Why I Quit My Job to Build eval.me | Blog | eval.me | Form Builder | Online Form | Email Survey



Posted on December 5, 2011

Hi. I’m Flaviu. 4 months ago, I had a cushy IT job with the State. Today, I launched eval.me.

The Why:

1. What doesn’t make you stronger, kills you.

or, to rephrase another adage, “Learning is more important than knowledge.”

I feel most alive when learning something new. In any field.

Most jobs hire you for being relatively good at something. They want you to keep doing that one thing to increase their efficiency.

While this increases their efficiency in the short run, it hurts them in the long term as you start viewing your job as ‘soul-sucking’.

The lack of a challenge kills one’s potential. On the other hand, having a startup will always be a challenge.

2. It’s the only choice.

You’re thinking about starting a business. You may think you have three choices:

1. Stay with your job (your idea isn’t that good anyway).

2. Stay with your job and work on your idea at nights and weekends.

3. Leave your job and ‘sink or swim’.

1. is not an option because it sets you up for living with regrets. You’ll always wonder what could have happened if you had pursued your idea.

2. seems to be an option because you always hear about ventures starting out as side-projects built on late nights and weekends.

Well, I only have a few hours of focus every day. By midnight, I just blankly stare at my screen. Maybe it works for you, but it took me 2 years to figure out it does not work for me.

3. is the only real option. Even if you just somewhat believe in your idea, you owe it to yourself (and potential clients) to implement it. Even if it fails, you’ll have no regrets.

3. It’s your social responsibility.

Startups add some value to the world, whether that is making a process more efficient, inventing a new way to connect with others, or simply entertaining the masses with virtual goods.

The very fact that you are in a position to create a startup is the result of a series of fortunate events: you are smart, healthy, creative, self-sustaining, and courageous. To not do a startup would be a waste of these talents.

The world’s advancement relies on people like you realizing their potential.


I would not have subscribed to the belief above 2 years ago.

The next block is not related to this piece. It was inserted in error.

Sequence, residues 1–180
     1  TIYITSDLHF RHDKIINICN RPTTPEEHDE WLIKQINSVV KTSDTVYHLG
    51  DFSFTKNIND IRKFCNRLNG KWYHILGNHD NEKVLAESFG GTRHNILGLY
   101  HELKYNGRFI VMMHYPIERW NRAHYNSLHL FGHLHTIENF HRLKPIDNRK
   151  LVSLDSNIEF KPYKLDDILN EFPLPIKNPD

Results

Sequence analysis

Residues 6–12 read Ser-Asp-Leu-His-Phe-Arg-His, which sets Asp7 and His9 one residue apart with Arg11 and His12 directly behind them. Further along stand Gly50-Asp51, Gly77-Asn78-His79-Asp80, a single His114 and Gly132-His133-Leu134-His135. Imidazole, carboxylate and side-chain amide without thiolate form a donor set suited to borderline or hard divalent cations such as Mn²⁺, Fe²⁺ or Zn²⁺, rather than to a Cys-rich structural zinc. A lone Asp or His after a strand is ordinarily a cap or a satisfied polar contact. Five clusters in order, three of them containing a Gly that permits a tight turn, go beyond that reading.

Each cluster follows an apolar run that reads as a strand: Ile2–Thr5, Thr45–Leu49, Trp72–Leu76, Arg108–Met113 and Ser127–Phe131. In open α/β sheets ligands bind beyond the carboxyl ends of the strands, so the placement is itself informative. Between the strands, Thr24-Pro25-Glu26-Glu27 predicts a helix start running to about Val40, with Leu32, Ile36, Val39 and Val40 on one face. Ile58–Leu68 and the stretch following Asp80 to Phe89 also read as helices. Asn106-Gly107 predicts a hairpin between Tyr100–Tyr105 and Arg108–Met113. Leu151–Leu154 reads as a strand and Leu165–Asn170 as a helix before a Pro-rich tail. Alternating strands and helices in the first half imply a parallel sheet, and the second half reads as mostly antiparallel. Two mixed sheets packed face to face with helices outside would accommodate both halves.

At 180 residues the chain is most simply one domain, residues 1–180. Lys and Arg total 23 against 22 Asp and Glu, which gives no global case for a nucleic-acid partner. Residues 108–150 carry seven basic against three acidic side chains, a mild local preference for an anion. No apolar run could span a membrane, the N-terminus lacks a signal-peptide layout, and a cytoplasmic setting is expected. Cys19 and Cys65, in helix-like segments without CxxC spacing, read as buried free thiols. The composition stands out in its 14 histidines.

I’ve since participated in a few charity projects with my Rotary club, including an effort to equip the middle school I attended in Nasaud, Romania with a computer lab of Apple iMacs this past summer. Here are some pictures.

The meaning of such projects is much greater than anything I’ve accomplished professionally. Hence, combining startups and social good in eval.me motivates me most.

The How:

1. Save.

I was able to save just over $10,000 to help me bootstrap eval.me. I firmly believe that my first startup needed to be on my own dime to feel every mistake.

I cut monthly expenses by about 50% by getting a roommate, cooking more, and not watching TV.

2. Code.

It’s trendy to advise business people to learn how to code before doing a startup. I already knew how to code, but there are many other technical challenges besides coding.

For instance, I needed a 1 minute video to present my startup. I could have learned Adobe After Effects, and try to do it myself, but I decided that my time would be better spent elsewhere. So, I paid $1,000 for the animation and voice-over (mind you, I still wrote the script and spent hours coordinating the story board).

Maybe a more realistic advice would be to “Learn a little bit of coding, design, SEO, project management, read hackernews, and listen to some podcasts.”

It is worth noting that while I did most of the coding, I also had some great help from a few very talented machers (I’m looking at you, @fansipans, @floomoon, @lukedupont, and @fldtrace)

3. There’s more than 24 hours in a day.

Developers are often frustrated when asked how long it will take them to build a certain feature.

My original deadline for eval.me was October 15th, which became November 1st, which became November 18th, then November 28th, and today is December 5th.

If you had ordered something from Amazon and it came 2 months late, it would be inexcusable. But the iterative process of innovation is unlike any corporate assembly line. Make sure your coworkers understand that a task may take anywhere between 10 minutes and 3 days.

4. Focus.

Don’t count your startup hours like your freelance hours. You can’t charge yourself $100/hr and it will only frustrate you to know your opportunity cost.

Finishing the MVP is Priority #1. At all times. Anything else is a distraction: hackernews, twitter, food, sleep, gmail, friends. Saying no is hard for me because I enjoy talking to the smart people that surround me in the Charlotte community.

However, to fail is to succeed. Leaving something unfinished, that’s failure.


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